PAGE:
Once upon a time, not so long ago nor far away, there was a great kingdom with really super people. The ruler had tasked each with being the best in a particular area, and everyone excelled in their appointed domains. Each worked hard to create one component of the perfect model of the human figure.
One made the most exquisite hands—the hands of a piano player and sculptor blended together. Another made arms. The biceps were huge and capable of lifting great weights, and the triceps were as firm as steel. The belly, the work of the belly expert, was supple and gentle and controlled the breath for maximum efficiency. And so it went, one marvelous component as good as the next.
What is your team’s or your organization’s superordinate goal?
But one day, a passerby walked into the kingdom and asked what the craftspeople were doing. They all responded with great pride about the objects that they were creating. The passerby was greatly impressed and asked if she could see what all the components looked like together. The hand maker laid down an exquisite hand, the arm maker added his contribution, and the belly maker put the belly where she thought it should go. The thigh bone didn’t fit well, but it was connected to the hip bone. As you may have guessed, the end product resembled the creation described by Mary Shelley in Frankenstein. All these marvelous pieces came together in the form of a monster.
Many organizations experience this same problem, especially those that allow silos to be built around functions, products, or services. Luckily, by maintaining a focus on the patients, most hospitals avoid this situation (think of the disaster it would cause otherwise). Sadly, this kind of fragmentation does occur in many nonprofits and higher education institutions, because of the emphasis on singular service areas and disciplines.
A Shared Goal
This is the story of an organization that has attempted to bring the pieces together so that the product is much more appealing and functional than the Frankenstein monster. As in the preceding story, the University of Central Oklahoma (UCO) had many wellintentioned and successful programs. As in most institutions of higher education, the system involves many silos: in academics, there are almost as many disciplines as there are faculty, and student activities are such that one barely ends before the next one begins. The Classification of Instructional Programs identifies hundreds of discrete disciplines, creating a climate in which “interdisciplinary” is the anomaly. And natural divisions exist between the areas of academics, student affairs, enrollment management, and administration. Each has a plan and vision of its own to fulfill.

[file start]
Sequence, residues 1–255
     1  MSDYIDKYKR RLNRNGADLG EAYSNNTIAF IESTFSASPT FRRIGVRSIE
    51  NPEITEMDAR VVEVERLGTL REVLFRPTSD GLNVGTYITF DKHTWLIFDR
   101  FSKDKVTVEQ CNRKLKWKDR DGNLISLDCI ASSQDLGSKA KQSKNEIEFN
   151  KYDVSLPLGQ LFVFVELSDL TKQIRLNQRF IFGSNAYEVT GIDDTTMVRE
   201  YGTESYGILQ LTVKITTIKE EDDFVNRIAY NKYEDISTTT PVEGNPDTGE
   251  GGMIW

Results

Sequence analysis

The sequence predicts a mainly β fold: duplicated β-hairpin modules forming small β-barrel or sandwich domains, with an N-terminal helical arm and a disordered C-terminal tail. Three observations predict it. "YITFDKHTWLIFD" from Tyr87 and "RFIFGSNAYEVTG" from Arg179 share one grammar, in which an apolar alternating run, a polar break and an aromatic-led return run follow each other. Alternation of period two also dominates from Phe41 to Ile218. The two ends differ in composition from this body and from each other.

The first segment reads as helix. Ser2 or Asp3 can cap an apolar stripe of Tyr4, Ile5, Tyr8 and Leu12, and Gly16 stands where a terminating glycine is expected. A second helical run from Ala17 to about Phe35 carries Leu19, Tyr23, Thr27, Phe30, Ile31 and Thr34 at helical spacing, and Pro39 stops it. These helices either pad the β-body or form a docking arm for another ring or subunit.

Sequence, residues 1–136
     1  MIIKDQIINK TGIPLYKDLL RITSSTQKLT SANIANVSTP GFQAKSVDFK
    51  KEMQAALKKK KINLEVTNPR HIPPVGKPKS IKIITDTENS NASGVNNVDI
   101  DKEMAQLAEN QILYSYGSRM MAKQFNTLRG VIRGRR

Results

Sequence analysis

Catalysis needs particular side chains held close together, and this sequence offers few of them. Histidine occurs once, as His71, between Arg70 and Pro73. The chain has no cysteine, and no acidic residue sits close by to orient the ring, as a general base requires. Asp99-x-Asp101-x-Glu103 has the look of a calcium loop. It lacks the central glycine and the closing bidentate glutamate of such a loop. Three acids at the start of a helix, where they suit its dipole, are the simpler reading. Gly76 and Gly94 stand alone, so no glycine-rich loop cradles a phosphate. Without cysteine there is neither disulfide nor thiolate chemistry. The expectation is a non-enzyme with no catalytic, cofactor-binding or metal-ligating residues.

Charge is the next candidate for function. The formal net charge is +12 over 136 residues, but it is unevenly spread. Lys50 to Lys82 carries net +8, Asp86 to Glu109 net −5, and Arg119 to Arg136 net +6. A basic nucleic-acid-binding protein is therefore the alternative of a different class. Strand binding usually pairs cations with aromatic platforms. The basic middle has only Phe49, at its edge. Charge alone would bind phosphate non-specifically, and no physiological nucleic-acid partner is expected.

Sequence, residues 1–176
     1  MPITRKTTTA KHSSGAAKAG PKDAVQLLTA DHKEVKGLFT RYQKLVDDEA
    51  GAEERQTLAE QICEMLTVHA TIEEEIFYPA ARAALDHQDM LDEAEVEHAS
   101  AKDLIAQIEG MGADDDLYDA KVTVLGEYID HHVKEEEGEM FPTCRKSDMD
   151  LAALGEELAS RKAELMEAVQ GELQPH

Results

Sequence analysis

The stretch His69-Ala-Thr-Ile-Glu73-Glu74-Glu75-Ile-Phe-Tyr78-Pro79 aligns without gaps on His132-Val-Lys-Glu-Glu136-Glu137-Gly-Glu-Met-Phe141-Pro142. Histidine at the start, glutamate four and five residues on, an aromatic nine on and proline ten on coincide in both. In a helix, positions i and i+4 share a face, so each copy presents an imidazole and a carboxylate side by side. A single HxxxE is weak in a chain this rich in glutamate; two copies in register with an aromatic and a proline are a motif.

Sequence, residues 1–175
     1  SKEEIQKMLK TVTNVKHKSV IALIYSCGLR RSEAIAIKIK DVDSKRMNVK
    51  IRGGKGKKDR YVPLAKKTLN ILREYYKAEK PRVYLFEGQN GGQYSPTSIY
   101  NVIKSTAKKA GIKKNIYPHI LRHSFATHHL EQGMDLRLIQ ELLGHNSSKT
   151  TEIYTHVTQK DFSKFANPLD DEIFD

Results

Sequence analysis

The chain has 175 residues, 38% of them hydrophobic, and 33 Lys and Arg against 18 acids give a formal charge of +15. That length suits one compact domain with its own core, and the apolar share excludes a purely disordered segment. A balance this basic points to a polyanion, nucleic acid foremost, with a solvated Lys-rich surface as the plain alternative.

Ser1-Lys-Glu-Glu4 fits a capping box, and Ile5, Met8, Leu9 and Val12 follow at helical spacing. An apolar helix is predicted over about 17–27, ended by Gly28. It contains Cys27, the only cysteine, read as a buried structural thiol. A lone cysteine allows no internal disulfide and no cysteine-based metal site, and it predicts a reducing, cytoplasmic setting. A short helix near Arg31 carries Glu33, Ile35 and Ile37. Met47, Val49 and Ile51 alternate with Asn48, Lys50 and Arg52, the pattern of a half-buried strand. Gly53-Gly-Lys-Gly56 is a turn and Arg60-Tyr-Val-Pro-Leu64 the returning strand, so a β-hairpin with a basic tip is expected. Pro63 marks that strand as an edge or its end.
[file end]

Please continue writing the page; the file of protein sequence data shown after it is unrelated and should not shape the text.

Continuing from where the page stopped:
About four years ago, five upper and mid-level managers from different functional areas at the University of Central Oklahoma came together to discuss an assessment of the student learning process that would ultimately enhance focus and break down silos. The long-range academic goals included items that were strongly influenced by other units. For instance, Student Services played a pivotal role in the service learning requirement, and the Leadership office was a primary driver in the Leadership minor program. In order to assess progress on the overall goals, the team knew that it needed input from all areas. Through that gathering, a process began that, while it didn’t immediately touch on assessment, produced active and systemic convergence.
The first couple of meetings focused on the difficulties of measuring outcomes related to student learning at the “big-picture” level rather than based on grades achieved in specific disciplines. Representatives had special interests in their own areas, but through the initiative, the team recognized one shared goal and value: helping students to learn.